In the IP Address field, type the IP address of the ISA server's internal network adapter (or the IP address of the local router, which has a route to the internal adapter of the ISA server). As an option, you can type the ISA server's server name and click Resolve to have the IP Address field populated automatically. Click Add to add the IP address. Click OK to close.
If you do provide the server name and click Resolve, ensure that the IP address is correct (that is, the ISA server's internal interface) before clicking Add.
Whereas simple networks (namely, networks in which no routing takes place) clients only need their default gateway configured to point to the ISA server's internal IP address, for complex or routed networks, you need to create a path to the ISA server's internal IP address. The client always needs its default gateway set to the IP address of a router connected to the same local area network. The router then needs to be configured to pass traffic to the ISA server, or the next closest router to the ISA server as shown in Figure 4-2. Client A is on a separate subnet than the ISA server, and so the client's default gateway must be set to the IP Address of the router (10.0.0.254). The router then forwards the client traffic on to the ISA server at 192.168.1.254. Client B, which is on the same subnet as the ISA server, only needs its default gateway set to the internal interface of the ISA server.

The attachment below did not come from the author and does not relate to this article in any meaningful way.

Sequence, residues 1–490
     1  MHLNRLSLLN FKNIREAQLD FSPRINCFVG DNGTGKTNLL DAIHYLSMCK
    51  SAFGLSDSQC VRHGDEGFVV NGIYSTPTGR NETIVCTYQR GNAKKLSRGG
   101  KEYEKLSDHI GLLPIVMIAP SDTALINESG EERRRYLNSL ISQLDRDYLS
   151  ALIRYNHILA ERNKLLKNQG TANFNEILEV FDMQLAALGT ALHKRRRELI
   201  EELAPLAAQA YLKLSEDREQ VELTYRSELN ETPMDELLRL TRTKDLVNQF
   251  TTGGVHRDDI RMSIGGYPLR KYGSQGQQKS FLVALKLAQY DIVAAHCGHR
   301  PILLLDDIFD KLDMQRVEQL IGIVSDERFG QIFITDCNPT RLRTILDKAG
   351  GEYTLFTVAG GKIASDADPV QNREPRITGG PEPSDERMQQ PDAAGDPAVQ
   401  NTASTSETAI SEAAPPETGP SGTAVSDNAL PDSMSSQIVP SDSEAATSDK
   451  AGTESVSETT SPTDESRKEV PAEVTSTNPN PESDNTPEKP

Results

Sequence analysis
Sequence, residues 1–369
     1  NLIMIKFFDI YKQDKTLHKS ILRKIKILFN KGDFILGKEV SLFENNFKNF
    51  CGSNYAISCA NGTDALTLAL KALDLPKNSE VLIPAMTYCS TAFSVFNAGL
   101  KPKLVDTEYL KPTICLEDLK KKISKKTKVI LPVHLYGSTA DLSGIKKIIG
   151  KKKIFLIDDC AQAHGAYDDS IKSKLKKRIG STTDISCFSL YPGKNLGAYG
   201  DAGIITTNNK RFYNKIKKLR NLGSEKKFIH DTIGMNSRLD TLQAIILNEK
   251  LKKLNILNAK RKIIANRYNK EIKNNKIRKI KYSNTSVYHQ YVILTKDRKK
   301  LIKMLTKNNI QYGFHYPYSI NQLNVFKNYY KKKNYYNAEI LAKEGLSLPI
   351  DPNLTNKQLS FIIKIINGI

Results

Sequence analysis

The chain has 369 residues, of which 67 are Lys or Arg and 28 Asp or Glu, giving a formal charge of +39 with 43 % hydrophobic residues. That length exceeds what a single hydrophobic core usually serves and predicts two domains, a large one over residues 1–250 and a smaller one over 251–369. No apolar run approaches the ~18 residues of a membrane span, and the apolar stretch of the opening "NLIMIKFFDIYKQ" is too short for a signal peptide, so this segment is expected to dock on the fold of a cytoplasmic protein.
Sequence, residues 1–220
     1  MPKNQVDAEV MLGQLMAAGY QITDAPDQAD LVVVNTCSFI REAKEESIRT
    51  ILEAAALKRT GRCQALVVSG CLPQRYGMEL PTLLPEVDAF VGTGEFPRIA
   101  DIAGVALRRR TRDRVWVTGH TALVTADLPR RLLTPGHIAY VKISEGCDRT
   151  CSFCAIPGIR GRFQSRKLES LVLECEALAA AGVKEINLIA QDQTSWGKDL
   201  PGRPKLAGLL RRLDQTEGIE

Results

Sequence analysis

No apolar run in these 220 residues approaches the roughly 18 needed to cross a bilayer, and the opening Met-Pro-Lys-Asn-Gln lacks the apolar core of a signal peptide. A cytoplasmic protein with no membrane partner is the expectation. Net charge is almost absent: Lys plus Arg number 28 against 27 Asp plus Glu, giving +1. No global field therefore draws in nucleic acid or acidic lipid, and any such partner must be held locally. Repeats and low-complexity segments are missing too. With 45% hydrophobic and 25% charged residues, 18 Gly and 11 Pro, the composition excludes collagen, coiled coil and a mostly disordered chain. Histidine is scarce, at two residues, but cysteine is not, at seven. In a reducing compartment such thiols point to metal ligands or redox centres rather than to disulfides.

Figure 4-2: This diagram shows how complex networks route Secure NAT client traffic.